Well, what happened is that when people in the audiences started to ask, who are you, my colleagues started to share really vulnerable stories about their own histories of abuse or their own histories of mental illness in their families or in their lives.
And I started to look at the entire situation differently, because we were actually receiving something back from our audience.
In the years since, Gupta's Street Symphony has performed a variety of music monthly in shelters, clinics, transitional housing and, more recently, in all five Los Angeles County jails.
An annual performance of Handel's "Messiah" features both professional musicians, students and people from the community. And Street Symphony has changed lives, like that of Malek Vossough, whom we met in a space run by a nonprofit community arts group called LAPD, in this case, the Los Angeles Poverty Department.
The 46-year-old Vossough is a longtime musician who fell into addiction and homelessness and has lived in Skid Row shelters and housing for four years. He's now back in school and back to taking lessons and playing music, all after hearing Gupta perform.
I was trying to reconnect with my inspiration, the hope I have and that childlike quality of wanting to be happy.
At a time when you were not?
When — at a time when I was, like, really struggling with accepting a lot of dreary truths, and wondering if I would ever be able to kind of get back to that, and also not knowing if anyone really appreciated that I had that in me.
Also affiliated with Street Symphony, a deejay who goes by the name Sir Oliver. He puts on music shows, including an annual reggae festival.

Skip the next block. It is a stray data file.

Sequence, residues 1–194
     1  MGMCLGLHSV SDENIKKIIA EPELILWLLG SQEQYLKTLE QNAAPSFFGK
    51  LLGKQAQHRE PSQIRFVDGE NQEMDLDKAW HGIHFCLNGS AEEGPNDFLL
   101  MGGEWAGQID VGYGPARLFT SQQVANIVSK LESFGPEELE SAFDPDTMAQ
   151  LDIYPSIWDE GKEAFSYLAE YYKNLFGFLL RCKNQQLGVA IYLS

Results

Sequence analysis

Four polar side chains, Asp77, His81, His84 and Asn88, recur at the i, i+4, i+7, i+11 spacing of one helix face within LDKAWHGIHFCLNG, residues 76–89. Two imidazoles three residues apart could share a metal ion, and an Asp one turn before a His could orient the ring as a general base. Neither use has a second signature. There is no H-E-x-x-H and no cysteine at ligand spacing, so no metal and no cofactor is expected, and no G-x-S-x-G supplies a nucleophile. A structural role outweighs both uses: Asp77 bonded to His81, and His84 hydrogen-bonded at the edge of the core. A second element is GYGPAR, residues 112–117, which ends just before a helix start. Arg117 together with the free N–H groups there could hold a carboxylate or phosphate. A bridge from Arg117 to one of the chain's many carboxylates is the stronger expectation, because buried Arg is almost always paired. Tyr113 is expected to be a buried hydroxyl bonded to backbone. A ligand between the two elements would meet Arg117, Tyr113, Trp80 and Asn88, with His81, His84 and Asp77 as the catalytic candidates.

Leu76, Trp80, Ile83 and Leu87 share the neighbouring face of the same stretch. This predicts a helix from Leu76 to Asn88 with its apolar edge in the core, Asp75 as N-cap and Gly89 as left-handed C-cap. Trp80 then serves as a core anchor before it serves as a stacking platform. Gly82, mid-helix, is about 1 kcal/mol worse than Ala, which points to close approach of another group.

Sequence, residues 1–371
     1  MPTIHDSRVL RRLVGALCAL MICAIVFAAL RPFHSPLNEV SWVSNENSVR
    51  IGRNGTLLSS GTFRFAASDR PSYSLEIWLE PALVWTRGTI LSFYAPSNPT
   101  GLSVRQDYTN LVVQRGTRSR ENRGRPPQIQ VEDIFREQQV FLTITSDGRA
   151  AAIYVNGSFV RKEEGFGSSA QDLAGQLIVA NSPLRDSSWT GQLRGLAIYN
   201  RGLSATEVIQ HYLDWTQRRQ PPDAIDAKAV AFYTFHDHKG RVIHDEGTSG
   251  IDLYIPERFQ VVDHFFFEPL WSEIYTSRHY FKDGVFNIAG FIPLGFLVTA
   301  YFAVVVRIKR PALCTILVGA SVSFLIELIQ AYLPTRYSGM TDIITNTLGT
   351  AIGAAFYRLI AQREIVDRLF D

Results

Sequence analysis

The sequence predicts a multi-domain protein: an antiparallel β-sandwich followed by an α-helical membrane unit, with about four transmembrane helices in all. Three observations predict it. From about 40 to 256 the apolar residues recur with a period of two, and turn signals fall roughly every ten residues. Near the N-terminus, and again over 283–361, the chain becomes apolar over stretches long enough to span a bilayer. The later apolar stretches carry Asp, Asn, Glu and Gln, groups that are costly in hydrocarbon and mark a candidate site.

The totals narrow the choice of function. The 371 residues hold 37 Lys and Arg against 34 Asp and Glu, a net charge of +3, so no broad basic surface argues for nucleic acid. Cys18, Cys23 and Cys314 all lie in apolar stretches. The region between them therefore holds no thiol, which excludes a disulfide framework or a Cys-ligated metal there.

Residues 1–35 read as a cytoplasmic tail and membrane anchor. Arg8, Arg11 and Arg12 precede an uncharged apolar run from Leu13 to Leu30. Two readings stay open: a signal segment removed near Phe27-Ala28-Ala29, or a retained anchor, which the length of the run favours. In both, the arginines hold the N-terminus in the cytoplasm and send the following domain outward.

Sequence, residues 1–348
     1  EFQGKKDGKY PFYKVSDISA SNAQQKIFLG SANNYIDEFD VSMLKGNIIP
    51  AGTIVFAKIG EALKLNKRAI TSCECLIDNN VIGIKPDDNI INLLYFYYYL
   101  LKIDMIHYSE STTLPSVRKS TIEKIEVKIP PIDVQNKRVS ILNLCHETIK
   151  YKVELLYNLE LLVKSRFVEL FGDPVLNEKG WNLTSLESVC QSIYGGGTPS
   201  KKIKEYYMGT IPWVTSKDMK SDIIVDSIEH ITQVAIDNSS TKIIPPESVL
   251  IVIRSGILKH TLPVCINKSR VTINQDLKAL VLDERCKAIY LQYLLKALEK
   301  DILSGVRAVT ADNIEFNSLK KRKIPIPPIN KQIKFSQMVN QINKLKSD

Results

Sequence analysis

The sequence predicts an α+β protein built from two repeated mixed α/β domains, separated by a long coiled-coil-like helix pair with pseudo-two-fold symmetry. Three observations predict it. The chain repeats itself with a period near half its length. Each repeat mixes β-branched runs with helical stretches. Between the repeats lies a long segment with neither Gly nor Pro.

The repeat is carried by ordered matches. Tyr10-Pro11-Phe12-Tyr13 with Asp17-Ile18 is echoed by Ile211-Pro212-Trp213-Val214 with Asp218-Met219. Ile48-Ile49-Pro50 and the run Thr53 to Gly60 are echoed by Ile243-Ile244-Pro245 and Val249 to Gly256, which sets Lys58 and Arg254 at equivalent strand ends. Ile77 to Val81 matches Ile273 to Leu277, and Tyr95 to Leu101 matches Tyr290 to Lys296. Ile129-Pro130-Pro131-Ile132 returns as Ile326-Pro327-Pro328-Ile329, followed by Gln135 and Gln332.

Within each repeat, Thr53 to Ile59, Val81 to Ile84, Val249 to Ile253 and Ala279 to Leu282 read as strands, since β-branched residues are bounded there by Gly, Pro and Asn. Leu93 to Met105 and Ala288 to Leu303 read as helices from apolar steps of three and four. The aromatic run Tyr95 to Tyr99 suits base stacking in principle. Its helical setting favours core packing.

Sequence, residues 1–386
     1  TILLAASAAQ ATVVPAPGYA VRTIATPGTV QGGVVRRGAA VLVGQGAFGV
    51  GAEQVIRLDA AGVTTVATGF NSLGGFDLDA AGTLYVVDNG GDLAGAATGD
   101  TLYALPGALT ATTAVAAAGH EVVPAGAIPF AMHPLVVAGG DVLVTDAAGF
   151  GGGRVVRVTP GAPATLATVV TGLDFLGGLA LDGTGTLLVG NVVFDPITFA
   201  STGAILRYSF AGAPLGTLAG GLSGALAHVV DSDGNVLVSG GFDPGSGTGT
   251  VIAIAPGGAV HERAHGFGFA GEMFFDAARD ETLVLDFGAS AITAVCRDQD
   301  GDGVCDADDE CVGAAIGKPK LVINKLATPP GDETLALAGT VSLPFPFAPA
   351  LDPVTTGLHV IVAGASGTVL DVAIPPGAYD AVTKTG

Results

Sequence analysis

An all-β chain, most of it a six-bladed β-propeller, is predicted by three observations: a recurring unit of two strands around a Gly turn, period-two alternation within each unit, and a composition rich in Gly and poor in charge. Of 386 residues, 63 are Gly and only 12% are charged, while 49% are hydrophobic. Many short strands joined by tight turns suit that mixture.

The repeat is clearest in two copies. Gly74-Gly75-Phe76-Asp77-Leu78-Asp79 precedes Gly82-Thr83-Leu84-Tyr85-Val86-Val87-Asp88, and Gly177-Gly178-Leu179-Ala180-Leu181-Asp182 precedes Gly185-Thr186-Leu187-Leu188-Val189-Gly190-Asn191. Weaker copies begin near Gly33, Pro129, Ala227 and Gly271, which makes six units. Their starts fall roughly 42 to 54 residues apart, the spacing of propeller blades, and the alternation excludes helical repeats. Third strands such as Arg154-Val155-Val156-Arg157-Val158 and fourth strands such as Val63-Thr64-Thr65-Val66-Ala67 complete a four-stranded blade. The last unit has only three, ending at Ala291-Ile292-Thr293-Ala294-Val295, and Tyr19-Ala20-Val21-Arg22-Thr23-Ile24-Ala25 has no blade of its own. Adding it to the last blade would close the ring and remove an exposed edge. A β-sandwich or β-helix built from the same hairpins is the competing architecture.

I just wanted to enlighten the community and say, hey, man, I'm not just a deejay. I'm here to, like, make you feel good.
In a rehearsal room in Disney Hall, Gupta said that, for him, an artist is also an advocate for social justice.
We think about art as something to be added to the plate. We also think about community engagement within the art world, so-called outreach, working with disenfranchised communities who don't have access to our spaces, as something that we kind of add to the mix of the great art.
Again, I want to turn that narrative on its head.
The MacArthur prize comes with a large financial award. And, for Gupta, it also signals a trust and belief in his Street Symphony work.
And, for you personally, are you healed, yourself?
There's a point at which I can never get used to seeing Skid Row. There's a part of my stomach that always turns, and I have acknowledged that feeling as grief, right? There's fear and sadness there.
So, for me, art has become my lifeline.
And now Vijay Gupta's life has taken a new term. As the year came to an end, he performed his final concert with the L.A. Philharmonic to work full-time on his Street Symphony and other activism.
For the "PBS NewsHour," I'm Jeffrey Brown in Los Angeles.
Watch the Full Episode
In his more than 30-year career with the NewsHour, Brown has served as co-anchor, studio moderator, and field reporter on a wide range of national and international issues, with work taking him around the country and to many parts of the globe. As arts correspondent he has profiled many of the world's leading writers, musicians, actors and other artists. Among his signature works at the NewsHour: a multi-year series, “Culture at Risk,” about threatened cultural heritage in the United States and abroad; the creation of the NewsHour’s online “Art Beat”; and hosting the monthly book club, “Now Read This,” a collaboration with The New York Times.
Anne Azzi Davenport is the Senior Coordinating Producer of CANVAS at PBS NewsHour.